“Nothing more – just making sure he knew what had happened.
“Kris was told that words like “homosexual” and “AIDS” were proper terms, as well as protected speech, and therefore not grounds for punishment.
“Kris was devastated.
“He didn’t attend class for weeks and weeks after that.
“His friends and loved ones started to seriously worry about his well-being.
“In the meantime, word of this incident – and Kris’s status as HIV positive – spread like wildfire across campus.
“And while Kris had been out to a small group of friends – there was no going back once the local papers picked up on the story, eventually circulating in the national media.
“Thankfully, Kris’s heartbreaking story has a happy ending.
“Kris and Isaac won their election and Kris served a term as the student body vice president.
“Kris then moved on to serve in a different, but similar capacity…
“And that was as a Congressional intern in my Washington, D.C. office last semester.
“Unfortunately Kris had to return to school to finish up his degree, but – as I have told him several times – he has left a lasting impact not only on me and my office, but on the future of our LGBTQ and ally students as well.
“That is because back in March – with Kris standing there with me on the Senate floor – I reintroduced the Tyler Clementi Higher Education Anti-Harassment Act of 2014.
“As many of you know, this bill is named after Tyler Clementi – an 18-year-old freshman at Rutgers University.
“In 2010, without his knowledge, Tyler’s roommate streamed video footage on the internet of Tyler in his dorm room, being intimate with another male.
“After his roommate and another student invaded his privacy in such a serious way, and continued to harass him over the Internet, Tyler leapt off the George Washington Bridge – taking his own life.
“When I was thinking about introducing the bill, I sat down and spoke with Kris and he told me how his story was very close to ending just like Tyler’s.
“Fortunately, he was able to lean on the campus LGBTQ community for support during this trying time, but he said QUOTE “If I hadn’t reached out to the community, I probably wouldn’t be here today. Every day going to school felt like a battlefield.”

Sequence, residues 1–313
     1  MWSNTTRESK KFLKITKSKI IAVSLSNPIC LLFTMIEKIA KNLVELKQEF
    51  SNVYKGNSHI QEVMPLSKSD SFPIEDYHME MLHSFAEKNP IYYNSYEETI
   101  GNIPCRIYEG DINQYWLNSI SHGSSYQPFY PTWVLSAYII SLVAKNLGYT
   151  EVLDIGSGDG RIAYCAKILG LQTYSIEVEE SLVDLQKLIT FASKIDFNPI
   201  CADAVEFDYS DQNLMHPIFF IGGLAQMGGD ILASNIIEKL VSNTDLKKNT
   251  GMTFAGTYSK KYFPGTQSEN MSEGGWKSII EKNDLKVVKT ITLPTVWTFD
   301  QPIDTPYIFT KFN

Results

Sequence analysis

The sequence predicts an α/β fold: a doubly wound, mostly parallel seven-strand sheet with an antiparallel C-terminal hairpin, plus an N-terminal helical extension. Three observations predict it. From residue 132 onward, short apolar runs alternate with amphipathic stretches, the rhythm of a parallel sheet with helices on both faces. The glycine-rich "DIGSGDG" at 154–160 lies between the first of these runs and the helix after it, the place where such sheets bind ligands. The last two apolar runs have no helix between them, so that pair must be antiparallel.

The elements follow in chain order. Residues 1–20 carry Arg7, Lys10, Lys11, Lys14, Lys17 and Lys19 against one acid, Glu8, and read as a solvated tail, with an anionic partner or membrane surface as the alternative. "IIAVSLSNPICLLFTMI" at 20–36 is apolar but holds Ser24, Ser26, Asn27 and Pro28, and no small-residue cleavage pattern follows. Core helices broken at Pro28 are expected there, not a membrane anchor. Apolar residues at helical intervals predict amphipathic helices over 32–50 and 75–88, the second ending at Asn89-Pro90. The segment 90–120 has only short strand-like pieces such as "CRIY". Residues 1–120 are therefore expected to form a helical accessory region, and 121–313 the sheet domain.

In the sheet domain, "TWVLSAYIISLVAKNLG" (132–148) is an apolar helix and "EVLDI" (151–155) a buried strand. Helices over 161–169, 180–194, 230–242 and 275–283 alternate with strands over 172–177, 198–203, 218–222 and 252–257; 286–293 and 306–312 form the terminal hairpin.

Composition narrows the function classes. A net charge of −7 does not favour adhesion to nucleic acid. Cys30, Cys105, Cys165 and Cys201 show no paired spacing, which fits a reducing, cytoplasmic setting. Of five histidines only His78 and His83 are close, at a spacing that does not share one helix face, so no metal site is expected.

“Quite shockingly – despite statistics telling us LGBTQ students are nearly twice as likely to experience harassment when compared to their heterosexual peers – there is no federal requirement that colleges and universities have policies to protect their students from harassment.
“And that’s why I feel so strongly about this legislation.
“Unfortunately, as you all know, there are so many others like Kris who don’t have that point of contact on campus or a supportive parent or network like the Pride Foundation , who will help them get through these experiences.
“But being here in this room tonight – with all the volunteers, advocates, parents, mentors and students – talking to you and hearing your incredible stories…I am so encouraged and hopeful for our future.
“It’s getting better – and it’s happening quickly.
“People like you are truly turning the tide – as we saw in Oregon and Pennsylvania last week – and I thank you for standing up and speaking out.
“And here in Washington state, schools like UW and Western Washington have already adopted policies to address campus bullying.
“But as you know, we can’t leave it up to chance.
“We need bills like the Tyler Clementi Act and ENDA to combat discrimination in all walks of life.
“So I just want to once again applaud the great work you all are doing day in and day out to not only support LGBTQ and ally students in their academic endeavors, but also by creating a strong foundation for an even brighter future.
“And of course, my deepest congratulations to all the scholarship recipients here today.
“I look forward to seeing all they will accomplish in the coming years.
“I am so proud to be your partner in the United States Senate.”